Audubon and Cole

1,001 views

Published on

0 Comments
0 Likes
Statistics
Notes
  • Be the first to comment

  • Be the first to like this

No Downloads
Views
Total views
1,001
On SlideShare
0
From Embeds
0
Number of Embeds
67
Actions
Shares
0
Downloads
7
Comments
0
Likes
0
Embeds 0
No embeds

No notes for slide

Audubon and Cole

  1. 1. Thomas Cole (1801-1848)Daguerreotype by Mathew Brady, c. 1846, National Portrait Gallery<br />John James Audubon (1785-1851) Daguerreotype by Mathew Brady, 1847 or 1848, Cincinnati Art Museum<br /><ul><li>Immigrated from Europe to U.S. (Audubon in 1803; Cole in 1819)
  2. 2. Lacked academic art training, but learned oil painting from John Steen, 1821/22
  3. 3. Patronized by Luman Reed, a New York City businessman and collector, during the 1830s
  4. 4. Deeply admired American wilderness as God’s creation and source of artistic inspiration
  5. 5. Major artists of Antebellum American romanticism who revolutionized their chosen artistic genres (scientific illustration, landscape) by giving them historical significance</li></li></ul><li>Thomas Cole, Landscape with Figures: A Scene from The Last of the Mohicans, 1826(Based on James Fenimore Cooper, The Last of the Mohicans: A Narrative of 1757, published 1826)Oil on panel, 66 x 106 cm., Terra Foundation for American Art / Art Institute of Chicago <br />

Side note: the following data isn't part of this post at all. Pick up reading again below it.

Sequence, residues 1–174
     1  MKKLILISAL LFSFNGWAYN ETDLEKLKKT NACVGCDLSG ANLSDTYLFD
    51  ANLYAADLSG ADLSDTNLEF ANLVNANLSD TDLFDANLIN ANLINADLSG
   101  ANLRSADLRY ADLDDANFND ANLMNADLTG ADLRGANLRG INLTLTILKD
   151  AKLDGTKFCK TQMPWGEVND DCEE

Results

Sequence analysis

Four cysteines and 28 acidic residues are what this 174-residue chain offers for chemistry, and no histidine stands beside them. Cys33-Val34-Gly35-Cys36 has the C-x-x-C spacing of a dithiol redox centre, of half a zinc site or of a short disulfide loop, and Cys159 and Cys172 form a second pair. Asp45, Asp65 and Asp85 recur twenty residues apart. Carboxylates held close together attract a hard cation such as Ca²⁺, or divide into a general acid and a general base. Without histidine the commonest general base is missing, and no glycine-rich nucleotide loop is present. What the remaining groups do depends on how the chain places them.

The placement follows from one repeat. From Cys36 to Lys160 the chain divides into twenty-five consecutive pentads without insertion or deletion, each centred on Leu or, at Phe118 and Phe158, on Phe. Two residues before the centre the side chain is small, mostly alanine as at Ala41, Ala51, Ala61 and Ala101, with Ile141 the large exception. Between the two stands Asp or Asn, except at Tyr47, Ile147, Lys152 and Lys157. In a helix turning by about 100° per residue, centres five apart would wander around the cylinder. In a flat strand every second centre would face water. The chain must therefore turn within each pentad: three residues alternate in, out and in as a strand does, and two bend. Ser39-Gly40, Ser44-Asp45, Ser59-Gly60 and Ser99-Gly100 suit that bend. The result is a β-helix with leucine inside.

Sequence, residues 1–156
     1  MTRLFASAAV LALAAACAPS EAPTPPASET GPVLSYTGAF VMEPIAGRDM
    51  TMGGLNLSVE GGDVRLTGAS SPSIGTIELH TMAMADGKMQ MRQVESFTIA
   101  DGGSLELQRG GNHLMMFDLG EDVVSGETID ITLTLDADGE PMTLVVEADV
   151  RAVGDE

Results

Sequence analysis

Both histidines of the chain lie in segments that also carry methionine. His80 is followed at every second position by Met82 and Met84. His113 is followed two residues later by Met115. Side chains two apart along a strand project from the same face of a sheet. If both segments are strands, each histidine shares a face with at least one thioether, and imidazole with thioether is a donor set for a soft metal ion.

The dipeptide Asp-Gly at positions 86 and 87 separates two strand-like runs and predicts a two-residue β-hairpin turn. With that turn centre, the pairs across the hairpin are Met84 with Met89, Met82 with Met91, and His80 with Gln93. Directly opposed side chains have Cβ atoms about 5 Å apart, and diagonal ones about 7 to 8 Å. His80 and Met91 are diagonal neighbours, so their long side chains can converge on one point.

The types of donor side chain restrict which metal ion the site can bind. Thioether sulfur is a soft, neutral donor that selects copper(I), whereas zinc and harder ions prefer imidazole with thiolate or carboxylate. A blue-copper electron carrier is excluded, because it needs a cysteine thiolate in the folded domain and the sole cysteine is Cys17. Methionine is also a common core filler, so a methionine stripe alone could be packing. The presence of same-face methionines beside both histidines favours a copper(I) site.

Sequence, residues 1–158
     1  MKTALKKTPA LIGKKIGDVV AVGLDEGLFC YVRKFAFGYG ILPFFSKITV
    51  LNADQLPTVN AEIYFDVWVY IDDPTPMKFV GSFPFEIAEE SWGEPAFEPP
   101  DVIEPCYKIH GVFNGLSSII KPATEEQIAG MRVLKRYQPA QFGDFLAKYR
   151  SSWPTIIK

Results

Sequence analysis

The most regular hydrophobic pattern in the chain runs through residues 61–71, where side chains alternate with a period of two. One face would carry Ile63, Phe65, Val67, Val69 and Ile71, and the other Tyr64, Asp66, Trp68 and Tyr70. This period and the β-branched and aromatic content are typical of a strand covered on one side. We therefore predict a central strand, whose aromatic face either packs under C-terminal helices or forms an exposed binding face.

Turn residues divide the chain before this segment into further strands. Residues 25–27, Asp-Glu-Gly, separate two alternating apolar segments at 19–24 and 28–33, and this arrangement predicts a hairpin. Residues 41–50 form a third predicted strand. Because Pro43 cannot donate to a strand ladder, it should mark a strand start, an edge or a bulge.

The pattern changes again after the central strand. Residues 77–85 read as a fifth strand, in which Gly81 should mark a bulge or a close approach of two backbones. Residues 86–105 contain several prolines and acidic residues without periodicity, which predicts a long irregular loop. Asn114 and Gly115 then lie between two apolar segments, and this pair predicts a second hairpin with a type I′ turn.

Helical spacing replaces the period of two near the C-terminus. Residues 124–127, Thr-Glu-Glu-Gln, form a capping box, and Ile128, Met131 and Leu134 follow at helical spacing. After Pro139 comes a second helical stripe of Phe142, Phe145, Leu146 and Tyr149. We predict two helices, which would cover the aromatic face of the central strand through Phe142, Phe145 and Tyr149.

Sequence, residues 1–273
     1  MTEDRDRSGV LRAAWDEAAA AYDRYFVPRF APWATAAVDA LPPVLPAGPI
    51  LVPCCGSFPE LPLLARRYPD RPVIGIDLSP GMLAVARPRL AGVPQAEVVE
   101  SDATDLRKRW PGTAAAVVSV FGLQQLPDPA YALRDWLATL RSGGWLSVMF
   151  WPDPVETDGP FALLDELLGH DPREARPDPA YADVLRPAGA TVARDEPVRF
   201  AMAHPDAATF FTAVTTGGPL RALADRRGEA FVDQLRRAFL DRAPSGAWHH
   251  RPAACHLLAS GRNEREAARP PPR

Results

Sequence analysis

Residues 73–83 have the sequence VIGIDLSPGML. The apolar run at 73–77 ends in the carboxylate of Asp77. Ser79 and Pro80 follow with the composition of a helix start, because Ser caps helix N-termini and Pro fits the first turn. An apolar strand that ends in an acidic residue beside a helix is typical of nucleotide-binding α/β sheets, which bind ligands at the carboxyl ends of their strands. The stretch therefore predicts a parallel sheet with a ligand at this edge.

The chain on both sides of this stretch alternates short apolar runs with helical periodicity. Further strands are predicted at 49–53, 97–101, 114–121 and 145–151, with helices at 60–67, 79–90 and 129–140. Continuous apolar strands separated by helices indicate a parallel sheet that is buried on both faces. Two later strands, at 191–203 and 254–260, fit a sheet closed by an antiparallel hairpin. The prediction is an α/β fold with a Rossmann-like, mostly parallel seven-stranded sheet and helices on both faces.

6. 6. Thomas Cole, Landscape with Figures: A Scene from The Last of the Mohicans, 1826(Based on James Fenimore Cooper, The Last of the Mohicans: A Narrative of 1757, published 1826)Oil on panel, 66 x 106 cm., Terra Foundation for American Art / Art Institute of Chicago <br />
  7. 7. Thomas Cole, Landscape with Tree Trunks, 1828Oil on canvas, 26 ½ x 32 ½ in., Museum of the Rhode Island School of Design, Providence<br />
  8. 8. Thomas Cole, “Essay on American Scenery,” 1835 (published 1836): “It was my intention to attempt a description of several districts remarkable for their picturesqueness and truly American character. … Yet I cannot but express my sorrow that the beauty of such landscapes is quickly passing away—the ravages of the axe are daily increasing—the most noble scenes are made destitute, and oftentimes with a wantonness and barbarism scarcely credible in a civilized nation. The wayside is becoming shadeless, and another generation will behold spots, now rife with beauty, desecrated by what is called improvement; which, as yet, generally destroys Nature’s beauty without substituting that of Art.”<br />